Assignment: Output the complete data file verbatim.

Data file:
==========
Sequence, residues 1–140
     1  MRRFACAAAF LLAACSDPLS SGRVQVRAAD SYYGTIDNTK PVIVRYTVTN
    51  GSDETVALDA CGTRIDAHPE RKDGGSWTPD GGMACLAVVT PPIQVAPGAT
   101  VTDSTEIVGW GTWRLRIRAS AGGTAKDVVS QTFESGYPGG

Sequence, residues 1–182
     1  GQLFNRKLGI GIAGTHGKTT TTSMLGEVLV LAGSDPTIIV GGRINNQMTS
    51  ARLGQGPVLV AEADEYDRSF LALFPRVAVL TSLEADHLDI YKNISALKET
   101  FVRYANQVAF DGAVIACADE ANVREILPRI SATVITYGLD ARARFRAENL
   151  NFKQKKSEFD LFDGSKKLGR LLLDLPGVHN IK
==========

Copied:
Sequence, residues 1–140
     1  MRRFACAAAF LLAACSDPLS SGRVQVRAAD SYYGTIDNTK PVIVRYTVTN
    51  GSDETVALDA CGTRIDAHPE RKDGGSWTPD GGMACLAVVT PPIQVAPGAT
   101  VTDSTEIVGW GTWRLRIRAS AGGTAKDVVS QTFESGYPGG

Sequence, residues 1–182
     1  GQLFNRKLGI GIAGTHGKTT TTSMLGEVLV LAGSDPTIIV GGRINNQMTS
    51  ARLGQGPVLV AEADEYDRSF LALFPRVAVL TSLEADHLDI YKNISALKET
   101  FVRYANQVAF DGAVIACADE ANVREILPRI SATVITYGLD ARARFRAENL
   151  NFKQKKSEFD LFDGSKKLGR LLLDLPGVHN IK